scrap project starts making sense

 So many scraps, so little time.

So many scraps, so little time.

While working away on assembling hundreds of little scraps of fabric into strips … black then white then black … I finally came to a final composition for the whole. Harkening back to the cigar box project that I did last summer where I wove scraps and threads together to create a flag, I thought I could do the same thing here on a grander scale. The black and white alternating strips work together to communicate a community of immigrants of different nationalities, races and histories. Substituting black for red speaks to the racial divides we are experiencing now and in the past. And, by reversing the strips to the back side the chaotic variety becomes more intriguing.

Yes, I am making the back the front, ragged ends and all.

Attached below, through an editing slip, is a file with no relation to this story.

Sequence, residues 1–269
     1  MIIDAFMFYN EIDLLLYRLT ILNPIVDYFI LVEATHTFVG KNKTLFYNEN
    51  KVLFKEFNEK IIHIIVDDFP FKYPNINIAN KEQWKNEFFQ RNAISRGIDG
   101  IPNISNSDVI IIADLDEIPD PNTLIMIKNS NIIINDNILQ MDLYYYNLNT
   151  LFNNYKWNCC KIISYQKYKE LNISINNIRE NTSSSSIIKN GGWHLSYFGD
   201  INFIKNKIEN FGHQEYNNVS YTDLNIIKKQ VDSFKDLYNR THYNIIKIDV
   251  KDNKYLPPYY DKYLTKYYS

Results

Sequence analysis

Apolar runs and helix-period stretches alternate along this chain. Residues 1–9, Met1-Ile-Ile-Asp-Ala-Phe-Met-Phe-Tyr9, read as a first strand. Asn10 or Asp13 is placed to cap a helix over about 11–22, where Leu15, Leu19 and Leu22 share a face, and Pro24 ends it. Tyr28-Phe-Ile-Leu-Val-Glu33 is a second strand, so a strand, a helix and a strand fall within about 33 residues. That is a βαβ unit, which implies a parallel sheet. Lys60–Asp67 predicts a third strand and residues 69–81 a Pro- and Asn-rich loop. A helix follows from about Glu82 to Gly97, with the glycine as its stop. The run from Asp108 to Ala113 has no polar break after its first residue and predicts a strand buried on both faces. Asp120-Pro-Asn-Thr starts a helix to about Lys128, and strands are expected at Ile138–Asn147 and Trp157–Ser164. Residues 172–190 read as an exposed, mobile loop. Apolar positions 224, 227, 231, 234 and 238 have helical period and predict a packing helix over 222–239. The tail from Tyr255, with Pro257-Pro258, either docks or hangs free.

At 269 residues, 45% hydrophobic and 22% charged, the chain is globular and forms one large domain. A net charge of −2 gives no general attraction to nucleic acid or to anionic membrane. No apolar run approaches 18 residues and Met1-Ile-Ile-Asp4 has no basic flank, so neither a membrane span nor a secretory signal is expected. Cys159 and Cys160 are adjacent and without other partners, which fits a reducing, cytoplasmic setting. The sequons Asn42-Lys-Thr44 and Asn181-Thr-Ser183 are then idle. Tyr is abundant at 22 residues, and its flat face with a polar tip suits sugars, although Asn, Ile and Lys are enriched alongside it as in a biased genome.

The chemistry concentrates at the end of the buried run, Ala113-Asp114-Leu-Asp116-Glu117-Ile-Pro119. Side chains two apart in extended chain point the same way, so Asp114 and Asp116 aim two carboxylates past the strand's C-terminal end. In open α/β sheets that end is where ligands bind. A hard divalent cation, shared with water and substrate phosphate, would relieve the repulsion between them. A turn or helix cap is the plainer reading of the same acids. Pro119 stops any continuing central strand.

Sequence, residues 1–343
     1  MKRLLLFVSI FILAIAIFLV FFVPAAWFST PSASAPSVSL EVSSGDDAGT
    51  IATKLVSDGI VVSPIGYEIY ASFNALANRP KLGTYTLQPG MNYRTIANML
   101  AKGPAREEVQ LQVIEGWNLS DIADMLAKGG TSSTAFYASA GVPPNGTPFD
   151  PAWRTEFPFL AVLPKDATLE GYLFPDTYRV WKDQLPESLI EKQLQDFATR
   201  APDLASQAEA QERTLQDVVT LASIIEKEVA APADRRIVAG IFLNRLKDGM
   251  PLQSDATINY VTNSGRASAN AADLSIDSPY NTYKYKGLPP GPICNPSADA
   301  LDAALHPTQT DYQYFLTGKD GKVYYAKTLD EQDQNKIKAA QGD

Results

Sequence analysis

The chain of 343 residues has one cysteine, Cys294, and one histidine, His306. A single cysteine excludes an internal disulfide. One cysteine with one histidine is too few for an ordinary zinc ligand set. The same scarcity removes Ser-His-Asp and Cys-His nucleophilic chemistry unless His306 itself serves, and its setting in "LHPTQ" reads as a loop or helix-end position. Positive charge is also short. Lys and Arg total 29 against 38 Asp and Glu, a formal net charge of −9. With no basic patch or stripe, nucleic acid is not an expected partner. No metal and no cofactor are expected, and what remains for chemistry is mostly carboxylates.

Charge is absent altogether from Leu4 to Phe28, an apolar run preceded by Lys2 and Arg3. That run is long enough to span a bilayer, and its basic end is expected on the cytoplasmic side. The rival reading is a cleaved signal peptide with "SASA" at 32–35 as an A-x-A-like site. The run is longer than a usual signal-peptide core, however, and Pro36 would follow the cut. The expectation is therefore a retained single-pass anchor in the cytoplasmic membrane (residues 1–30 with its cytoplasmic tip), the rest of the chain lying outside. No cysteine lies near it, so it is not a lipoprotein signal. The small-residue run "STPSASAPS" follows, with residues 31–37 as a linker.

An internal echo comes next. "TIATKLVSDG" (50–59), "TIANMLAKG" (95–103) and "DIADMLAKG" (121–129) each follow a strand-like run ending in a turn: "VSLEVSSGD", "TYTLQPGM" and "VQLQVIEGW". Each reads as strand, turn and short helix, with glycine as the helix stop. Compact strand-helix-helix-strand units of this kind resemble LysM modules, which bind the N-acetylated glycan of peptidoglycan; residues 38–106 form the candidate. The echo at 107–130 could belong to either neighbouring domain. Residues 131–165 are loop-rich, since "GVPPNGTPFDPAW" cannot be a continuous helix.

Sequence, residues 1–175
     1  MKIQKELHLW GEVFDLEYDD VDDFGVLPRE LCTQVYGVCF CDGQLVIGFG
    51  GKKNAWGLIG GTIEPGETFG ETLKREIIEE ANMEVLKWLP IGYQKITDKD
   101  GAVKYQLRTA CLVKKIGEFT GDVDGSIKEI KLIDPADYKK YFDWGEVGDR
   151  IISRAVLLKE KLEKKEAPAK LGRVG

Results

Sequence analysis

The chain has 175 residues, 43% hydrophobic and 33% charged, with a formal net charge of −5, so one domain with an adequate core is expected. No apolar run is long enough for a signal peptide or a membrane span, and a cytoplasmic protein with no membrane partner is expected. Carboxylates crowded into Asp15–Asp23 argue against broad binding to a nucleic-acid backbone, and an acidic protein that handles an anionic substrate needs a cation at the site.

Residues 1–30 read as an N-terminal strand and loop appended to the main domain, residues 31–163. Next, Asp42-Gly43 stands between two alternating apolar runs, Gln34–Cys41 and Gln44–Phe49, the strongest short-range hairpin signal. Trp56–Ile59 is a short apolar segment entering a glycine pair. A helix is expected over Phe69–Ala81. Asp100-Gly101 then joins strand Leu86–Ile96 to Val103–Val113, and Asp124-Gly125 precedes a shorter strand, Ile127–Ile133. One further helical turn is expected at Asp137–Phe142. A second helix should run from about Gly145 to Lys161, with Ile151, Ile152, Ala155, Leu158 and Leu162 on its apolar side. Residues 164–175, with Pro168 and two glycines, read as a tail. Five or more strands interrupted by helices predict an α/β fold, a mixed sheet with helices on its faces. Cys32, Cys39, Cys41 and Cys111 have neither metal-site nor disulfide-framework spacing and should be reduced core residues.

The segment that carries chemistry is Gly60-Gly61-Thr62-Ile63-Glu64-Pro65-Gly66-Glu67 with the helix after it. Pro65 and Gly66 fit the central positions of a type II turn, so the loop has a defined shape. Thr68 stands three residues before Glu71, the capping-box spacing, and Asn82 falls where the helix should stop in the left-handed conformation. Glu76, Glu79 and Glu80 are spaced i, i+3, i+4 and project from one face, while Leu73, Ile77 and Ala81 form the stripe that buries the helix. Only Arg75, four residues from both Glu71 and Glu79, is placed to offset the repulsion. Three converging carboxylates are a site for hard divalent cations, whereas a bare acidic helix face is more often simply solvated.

US flag, Paula Kovarik
 The white fabric on the back allows the pieced fabrics to glow through creating a hazy dimensional surface that is hard to resist. Goodbye batting! It would only get in the way.

The white fabric on the back allows the pieced fabrics to glow through creating a hazy dimensional surface that is hard to resist. Goodbye batting! It would only get in the way.

Taking a cue from Kathleen Loomis who recently completed a piece without batting I decided to shroud the back in a simple white fabric that would let the pieced fabrics simmer through. It seemed a shame to cover them up completely with cotton batting, especially after so much trimming and ironing to make them lay flat. This may have to be a two sided piece. The shrouding is compelling.

And now, to the stitching and finishing. I think I will start with a simple hand stitch down the rows in red, white and blue. Then to the stars and edges.

More later.

 fraying edges, stitching and chaos.

fraying edges, stitching and chaos.